I explained that the stock market possesses curious and unique characteristics. When you go to the grocery store and buy, say, a bag of spinach, you suppose the price on it is the same you’ll pay at the cash register. Imagine instead at the checkout stand the price you thought you were paying was not the same you were getting charged.

Go another step further. You had to buy it by the leaf, and someone jumped ahead of you and handed you each leaf, charging a small fee for every one.

That’s the stock market now. There is always by law a spread between the bid to buy and offer to sell, and every interaction is intermediated so regulators have a transaction trail.

I explained to the startled attendees unaware that their shares were priced this way that in my town, Denver, real estate is hot. Prices keep rising. People list houses for sale – call it the best offer to sell – and someone will offer a higher price than asked.

In the stock market today, unlike when I began in the profession, it’s against the law for anyone to bid to buy your shares for a price greater than the best offer. That’s a crossed market. Nor can the prices be the same. That’s a locked market. Verboten.

So in this market, I said, trillion of dollars have shifted from trying to find the best products in the grocery store to tracking average prices for everything. This is what indexes and exchange-traded funds do – they track the averages.

By following averages and cutting out cost associated with researching which things in the grocery store are best, money trying to be average is outperforming investors trying to buy superior products. So it’s mushroomed.

And, I said, you can’t convince the mathematical models tracking the averages to include you.  You can only influence them with governance – how you comply with all the rules burdening public companies these days, even as money is ignoring fundamental performance and choose average prices.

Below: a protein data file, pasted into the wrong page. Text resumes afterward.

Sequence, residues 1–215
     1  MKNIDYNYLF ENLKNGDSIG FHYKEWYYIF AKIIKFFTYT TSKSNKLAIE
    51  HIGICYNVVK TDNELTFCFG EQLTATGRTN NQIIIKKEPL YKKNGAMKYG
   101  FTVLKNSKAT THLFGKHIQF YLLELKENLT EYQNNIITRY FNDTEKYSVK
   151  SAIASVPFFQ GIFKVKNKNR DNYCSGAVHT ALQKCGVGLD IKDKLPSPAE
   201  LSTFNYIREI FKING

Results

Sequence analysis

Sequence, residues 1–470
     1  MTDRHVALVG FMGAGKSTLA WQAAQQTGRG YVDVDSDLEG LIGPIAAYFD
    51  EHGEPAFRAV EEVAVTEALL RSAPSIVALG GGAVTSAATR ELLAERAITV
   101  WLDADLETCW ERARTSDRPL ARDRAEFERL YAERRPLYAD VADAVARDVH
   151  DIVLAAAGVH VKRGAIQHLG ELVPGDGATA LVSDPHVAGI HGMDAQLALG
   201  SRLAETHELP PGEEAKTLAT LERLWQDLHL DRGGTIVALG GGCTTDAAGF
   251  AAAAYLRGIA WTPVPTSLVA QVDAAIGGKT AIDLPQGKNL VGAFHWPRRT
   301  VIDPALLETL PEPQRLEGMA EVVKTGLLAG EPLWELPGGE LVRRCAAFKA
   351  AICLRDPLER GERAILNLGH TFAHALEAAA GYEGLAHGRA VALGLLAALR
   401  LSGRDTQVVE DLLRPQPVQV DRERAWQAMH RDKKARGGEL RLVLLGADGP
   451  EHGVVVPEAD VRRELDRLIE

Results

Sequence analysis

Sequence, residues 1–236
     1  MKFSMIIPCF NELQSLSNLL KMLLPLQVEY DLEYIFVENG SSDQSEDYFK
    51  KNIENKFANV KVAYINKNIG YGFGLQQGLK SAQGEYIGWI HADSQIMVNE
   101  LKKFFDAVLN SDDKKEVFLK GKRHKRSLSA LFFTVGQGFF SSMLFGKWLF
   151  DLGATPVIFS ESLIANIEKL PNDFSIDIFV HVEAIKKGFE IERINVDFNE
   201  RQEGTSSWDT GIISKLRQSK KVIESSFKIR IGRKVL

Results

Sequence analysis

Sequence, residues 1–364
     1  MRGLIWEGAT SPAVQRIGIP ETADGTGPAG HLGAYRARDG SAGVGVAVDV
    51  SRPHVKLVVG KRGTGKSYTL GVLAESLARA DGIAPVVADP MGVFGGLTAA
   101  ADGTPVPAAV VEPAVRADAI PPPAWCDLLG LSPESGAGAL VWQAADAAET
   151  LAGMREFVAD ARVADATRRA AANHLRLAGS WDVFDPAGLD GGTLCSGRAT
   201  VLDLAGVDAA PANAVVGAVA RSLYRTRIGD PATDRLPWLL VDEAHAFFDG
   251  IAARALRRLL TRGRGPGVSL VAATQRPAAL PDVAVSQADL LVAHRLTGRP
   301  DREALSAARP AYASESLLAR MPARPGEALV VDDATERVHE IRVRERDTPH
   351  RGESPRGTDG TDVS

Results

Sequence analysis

That’s when the question came.  See the first paragraph.

I said, “I’m glad you asked.”  Karen says I need to talk less about the problems in our profession and more about the opportunities.  Here was a chance.

“It’s the greatest time in history to be in our profession,” I said.

Here’s why. Then, we championed story, a communications job. Today IR is a true management function because money buying story is only a small part of volume. IR demands data and analytics and proactive reporting to the management and Board of Directors so they recognize that the market is driven as much by setting prices as it is by financial results.

There are $11.5 trillion of assets at Blackrock, Vanguard and State Street alone ignoring earnings calls and – importantly – the sellside.  IR courts investors and the sellside.

It’s time to expand the role beyond the message. Periods of tectonic change offer sweeping professional opportunity. Investors should think the same way: How does the market work, who succeeds in it and why, and is that helpful to our interests?

IR gets to answer that question.  It’s a big deal.  Welcome to the new IR.

Mercenary Prices

Florida reminded us of high-speed traders.  I’ll explain.

An energized audience and the best attendance since 2012 marked NIRI National, the investor-relations annual confab held last week, this year in Orlando.

We spent the whole conference in the spacious and biggest-ever ModernIR booth right at the gateway and in late-night revelry with friends, clients and colleagues, and I don’t think we slept more than five hours any night.  Good thing it didn’t last longer or we might have expired.